Catherine Onyemelukwe

Author, Blogger, Speaker

Another ‘Chi’ in a Name, White Privilege, the Nigerian Presidential Committee

Another Name with ‘Chi’

There was a rally last Saturday at the Nigerian Consulate in New York City to call on the Nigerian government to rescue the kidnapped girls. In my last post I shared the photo of my friend Sylvia at the rally. I promised to tell you a story about her name.

She uses the name Sylvia at work. Her Igbo name is Chinedu. Do you remember the contest about Igbo words for God? So you know now that Chi means God in Igbo. Her name means ‘God leads,’ or ‘God is the leader.’ In the story for The New York Times I had to limit the length so I removed the part about her name. I’m including it for you here.

At this point in the story, she’s already brought out the eyebrow pencil I wanted. Now I’ve asked about a purse-size perfume spray and she’s pulled a bright red Clinique container from the shelf.

“Where are you from?” I asked, looking at her instead of the red box with its jaunty bow.


“What tribe are you?” I said. She looked up to stare at me. This isn’t a question she expected.


“I na su Igbo? Do you speak Igbo?” I said to her in perfect Igbo.

“Oh my God,” she said as her eyes flew open. She reached out to the sales woman next to her. “She speaks Igbo.” She turned back to me. “Why, how. . are you married to an Igbo man?”

“Yes,” I said. “My name is Onyemelukwe.”

While she recovered from her shock, we talked in Igbo and English. We shared information about her town and my husband’s town, how long I’d lived in Nigeria, and when she’d come to the U.S. I told her when and where I first taught in Nigeria. I explained that I had spent part of the Biafran War in my husband’s town of Nanka.

I asked her name. “Chinedu,” she said.

“I thought Chinedu was a boy’s name.”

“Yes, in Anambra where your husband is from, it is, but in Imo, where I’m from, it’s a unisex name,” she said. “It’s amazing that you know that.”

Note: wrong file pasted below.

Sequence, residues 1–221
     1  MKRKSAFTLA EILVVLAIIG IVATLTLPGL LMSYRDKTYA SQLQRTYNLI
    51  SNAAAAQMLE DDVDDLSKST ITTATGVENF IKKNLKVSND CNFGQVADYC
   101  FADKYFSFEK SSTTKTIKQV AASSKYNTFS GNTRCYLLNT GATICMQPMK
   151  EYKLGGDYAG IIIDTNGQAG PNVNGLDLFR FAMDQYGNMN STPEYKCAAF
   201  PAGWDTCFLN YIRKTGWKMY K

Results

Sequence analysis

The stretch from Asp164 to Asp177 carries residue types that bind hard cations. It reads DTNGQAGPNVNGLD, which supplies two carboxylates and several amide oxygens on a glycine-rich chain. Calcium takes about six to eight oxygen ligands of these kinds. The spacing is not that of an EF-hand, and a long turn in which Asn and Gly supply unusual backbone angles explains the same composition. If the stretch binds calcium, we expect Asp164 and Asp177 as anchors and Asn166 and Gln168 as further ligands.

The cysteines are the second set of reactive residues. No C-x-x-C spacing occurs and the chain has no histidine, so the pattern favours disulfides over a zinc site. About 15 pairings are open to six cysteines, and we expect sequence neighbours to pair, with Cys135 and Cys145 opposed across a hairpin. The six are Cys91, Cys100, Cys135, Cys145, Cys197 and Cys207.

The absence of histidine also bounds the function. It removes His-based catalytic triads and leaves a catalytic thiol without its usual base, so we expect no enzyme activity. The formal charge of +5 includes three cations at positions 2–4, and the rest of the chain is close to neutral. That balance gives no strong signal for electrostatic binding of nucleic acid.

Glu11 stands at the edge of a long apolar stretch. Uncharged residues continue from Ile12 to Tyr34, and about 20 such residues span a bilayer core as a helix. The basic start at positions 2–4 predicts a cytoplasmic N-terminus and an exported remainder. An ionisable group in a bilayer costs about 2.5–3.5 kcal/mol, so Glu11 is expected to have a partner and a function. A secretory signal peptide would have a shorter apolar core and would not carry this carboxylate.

Would you like to know more about Igbo names?

White Privilege

In early April I wrote about white privilege and I gave you the link to an article by Chuck Larson.

Today I have another link for you – to an article in the New Yorker. This is an interview with Peggy McIntosh who brought the term white privilege into common use. The interviewer asked her what the reactions to her early writing about white privilege had been. “Well, at first, the most common responses were from white people. Their most common response was ‘I never thought about this before.’ After a couple of years, that was accompanied by ‘You changed my life.’ From people of color, from the beginning, it was ‘You showed me I’m not crazy.’ And if they said more than that it was along the lines of ‘I knew there was something out there working against me.””

In the class at Lifetime Learners in Norwalk Connecticut that I facilitated with two friends, we had similar reactions when I gave out her article The Invisible Knapsack, which describes the tools we white people carry around with us and pull out whenever we need them. I think my favorite is, “When I am told about our national heritage or about ‘civilization,’ I am shown that people of my color made it what it is.” One woman in the class said almost exactly what Peggy McIntosh reported – “I had no idea!”

Nigerian Presidential Committee and the KidnappingHauwa Ibrahim

I’ve heard from Steve, a former Peace Corps volunteer in Nigeria, that the Nigerian female lawyer Hauwa Ibrahim is participating in a 17-person Presidential Committee assembled to investigate the kidnapping. She is known for her defense of Amina Lawal, the young Nigerian woman sentenced to death by stoning for adultery in 2002.

In an interview Ibrahim, who’s a research scholar at Harvard Divinity School in Boston, was asked how she got involved in the Presidential Committee. She said some government ministers in Nigeria brought up her name.

“They felt I could bring neutrality to the process, which is important because of the cultural and religious divisions in the country. They also thought I could bring credibility. I knew I could bring my passion to the issue of education, particularly for girls and the powerless.”

I heard Hauwa Ibrahim speak a few years ago at a reunion of former Nigerian Peace Corps volunteers. I was very impressed with her. I hope she will be able to help bring back the kidnapped girls.

I’m looking forward to another Peace Corps reunion in June. I’ll be sure to tell you about it.

Author: Catherine Onyemelukwe

Author, blogger, speaker. Born in New York, grew up in mid west United States, lived in Nigeria for 24 years, back in U.S. since 1986. Advocate for racial justice.

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